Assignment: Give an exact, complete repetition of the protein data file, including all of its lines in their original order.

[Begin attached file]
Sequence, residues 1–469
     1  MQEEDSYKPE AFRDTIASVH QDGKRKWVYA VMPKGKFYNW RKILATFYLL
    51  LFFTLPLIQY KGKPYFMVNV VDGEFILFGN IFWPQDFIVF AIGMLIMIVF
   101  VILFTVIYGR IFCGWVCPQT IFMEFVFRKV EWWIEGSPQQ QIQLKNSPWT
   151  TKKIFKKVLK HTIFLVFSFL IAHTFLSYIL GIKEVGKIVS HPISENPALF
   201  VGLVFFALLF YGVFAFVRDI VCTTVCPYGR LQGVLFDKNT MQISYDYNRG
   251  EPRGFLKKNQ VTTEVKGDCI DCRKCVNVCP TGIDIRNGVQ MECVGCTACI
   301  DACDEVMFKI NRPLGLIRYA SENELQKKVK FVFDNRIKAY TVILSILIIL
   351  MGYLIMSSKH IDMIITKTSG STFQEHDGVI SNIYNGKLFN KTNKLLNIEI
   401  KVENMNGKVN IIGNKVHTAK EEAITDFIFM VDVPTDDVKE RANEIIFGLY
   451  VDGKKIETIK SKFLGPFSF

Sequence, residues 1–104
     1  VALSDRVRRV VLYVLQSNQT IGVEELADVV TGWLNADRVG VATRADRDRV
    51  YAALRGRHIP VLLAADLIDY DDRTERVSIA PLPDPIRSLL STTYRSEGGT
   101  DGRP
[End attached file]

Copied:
Sequence, residues 1–469
     1  MQEEDSYKPE AFRDTIASVH QDGKRKWVYA VMPKGKFYNW RKILATFYLL
    51  LFFTLPLIQY KGKPYFMVNV VDGEFILFGN IFWPQDFIVF AIGMLIMIVF
   101  VILFTVIYGR IFCGWVCPQT IFMEFVFRKV EWWIEGSPQQ QIQLKNSPWT
   151  TKKIFKKVLK HTIFLVFSFL IAHTFLSYIL GIKEVGKIVS HPISENPALF
   201  VGLVFFALLF YGVFAFVRDI VCTTVCPYGR LQGVLFDKNT MQISYDYNRG
   251  EPRGFLKKNQ VTTEVKGDCI DCRKCVNVCP TGIDIRNGVQ MECVGCTACI
   301  DACDEVMFKI NRPLGLIRYA SENELQKKVK FVFDNRIKAY TVILSILIIL
   351  MGYLIMSSKH IDMIITKTSG STFQEHDGVI SNIYNGKLFN KTNKLLNIEI
   401  KVENMNGKVN IIGNKVHTAK EEAITDFIFM VDVPTDDVKE RANEIIFGLY
   451  VDGKKIETIK SKFLGPFSF

Sequence, residues 1–104
     1  VALSDRVRRV VLYVLQSNQT IGVEELADVV TGWLNADRVG VATRADRDRV
    51  YAALRGRHIP VLLAADLIDY DDRTERVSIA PLPDPIRSLL STTYRSEGGT
   101  DGRP